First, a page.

Mix of sleet, ice, snow possible in northern Alabama
Nov 25, 2013 | 3081 views |  0 comments | 16 16 recommendations | email to a friend | print
David McCain of Abilene relaxes in the seats of the ticketing area for American Airlines as an arctic cold moved into the North Texas area on Sunday.  (AP Photo/Dallas Morning News, Louis DeLuca)
David McCain of Abilene relaxes in the seats of the ticketing area for American Airlines as an arctic cold moved into the North Texas area on Sunday. (AP Photo/Dallas Morning News, Louis DeLuca)

The Associated Press

HUNTSVILLE — Forecasters say a mixture of sleet, snow and light freezing rain is possible in higher elevations of northern Alabama as a storm system moves into the state.

The National Weather Service said that snow accumulation should be less than an inch in the mountains of northeast Alabama.

The storm system is expected to approach the area from the west, bringing the first chance for sleet to parts of northern Alabama early Monday afternoon.

The weather service projects that temperatures will be close to the freezing mark in parts of the state. That means that slight variations in temperature can have a large impact on the type of precipitation that falls.

The weather moving into Alabama is part of a storm system blamed for at least eight deaths in the West.

The storm dropped more than 10 inches of snow on parts of southwest Oklahoma overnight, and a winter weather advisory remained in place for much of the southeast of the state with freezing rain and sleet in the cards.

The National Weather Service meanwhile issued a winter weather warning for southwestern Arkansas. The region should prepare for the worst of the storm through Monday afternoon, forecasters said, warning of ice accumulations on slick roads. It downgraded the forecast for North Texas to a winter weather advisory, saying the area would experience light freezing rain and sleet but not temperatures as cold as originally forecast.

Meteorologists said they expected the Arctic mass to head south and east and threaten plans for Tuesday and Wednesday as people hit the roads and airports for some of the busiest travel days of the year.

Nearly 300 flights American Airlines and American Eagle were canceled in and out of Dallas-Fort Worth International Airport Monday due to the weather, spokeswoman Laura Masvidal said, mirroring disruptions at the air hub a day earlier.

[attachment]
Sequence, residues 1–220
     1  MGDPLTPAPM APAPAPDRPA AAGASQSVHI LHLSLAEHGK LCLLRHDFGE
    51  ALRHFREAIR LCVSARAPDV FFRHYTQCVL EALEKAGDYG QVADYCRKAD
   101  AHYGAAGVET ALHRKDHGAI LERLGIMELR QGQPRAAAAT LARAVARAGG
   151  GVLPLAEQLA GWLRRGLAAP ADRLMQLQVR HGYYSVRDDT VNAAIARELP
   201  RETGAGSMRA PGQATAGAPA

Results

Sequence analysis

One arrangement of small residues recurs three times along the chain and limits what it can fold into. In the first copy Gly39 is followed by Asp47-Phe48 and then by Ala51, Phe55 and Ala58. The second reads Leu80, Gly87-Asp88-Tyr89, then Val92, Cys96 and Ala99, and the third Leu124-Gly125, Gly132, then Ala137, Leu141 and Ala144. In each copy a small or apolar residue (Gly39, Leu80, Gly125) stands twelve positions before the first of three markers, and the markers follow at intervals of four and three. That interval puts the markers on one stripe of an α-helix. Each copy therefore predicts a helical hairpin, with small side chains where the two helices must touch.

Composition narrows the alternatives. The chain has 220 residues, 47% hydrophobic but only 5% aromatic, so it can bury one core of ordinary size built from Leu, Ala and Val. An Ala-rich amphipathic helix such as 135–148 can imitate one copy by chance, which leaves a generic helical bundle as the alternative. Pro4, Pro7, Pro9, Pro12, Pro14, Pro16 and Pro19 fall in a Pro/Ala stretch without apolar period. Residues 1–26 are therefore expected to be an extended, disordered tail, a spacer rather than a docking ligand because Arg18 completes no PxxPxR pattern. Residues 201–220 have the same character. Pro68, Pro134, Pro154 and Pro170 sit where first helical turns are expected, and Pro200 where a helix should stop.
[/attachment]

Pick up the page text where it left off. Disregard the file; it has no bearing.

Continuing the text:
Early Monday, the weather service said southwestern Oklahoma had experienced some snow late Sunday, with 10 inches reported in Granite and 13 inches of snow reported in Vinson.

Around dawn in Dallas, where a mix or rain and sleet hit around midday Sunday, temperatures edged above freezing but rain continued to make roads treacherous and slick.

The storm last week hit California, New Mexico, Nevada and Arizona.

Portions of New Mexico had several inches of snow — especially at higher elevations — and near white-out conditions were reported near Albuquerque. Flagstaff in Arizona had 11 inches of snow early Sunday, while metro Phoenix and other parts of central Arizona were drenched with several inches of rain, causing the cancellation of sporting events and parades.

The weather was blamed in at least 10 deaths in traffic accidents. The storm also caused hundreds of rollover accidents, including one that injured three members of singer Willie Nelson's band when their bus hit a pillar on Interstate 30 near Sulphur Springs, about 75 miles northeast of Dallas.

Early Monday, the Texas Department of Public Safety said two people died in separate wrecks Saturday night on snow-covered roads near Amarillo and Dumas.

Nonetheless, some were excited when they awoke to several inches of snow in southwestern Oklahoma on Sunday.

"It looks great. I love the snow," said Damaris Machabo, a receptionist at a Holiday Inn motel in Altus.

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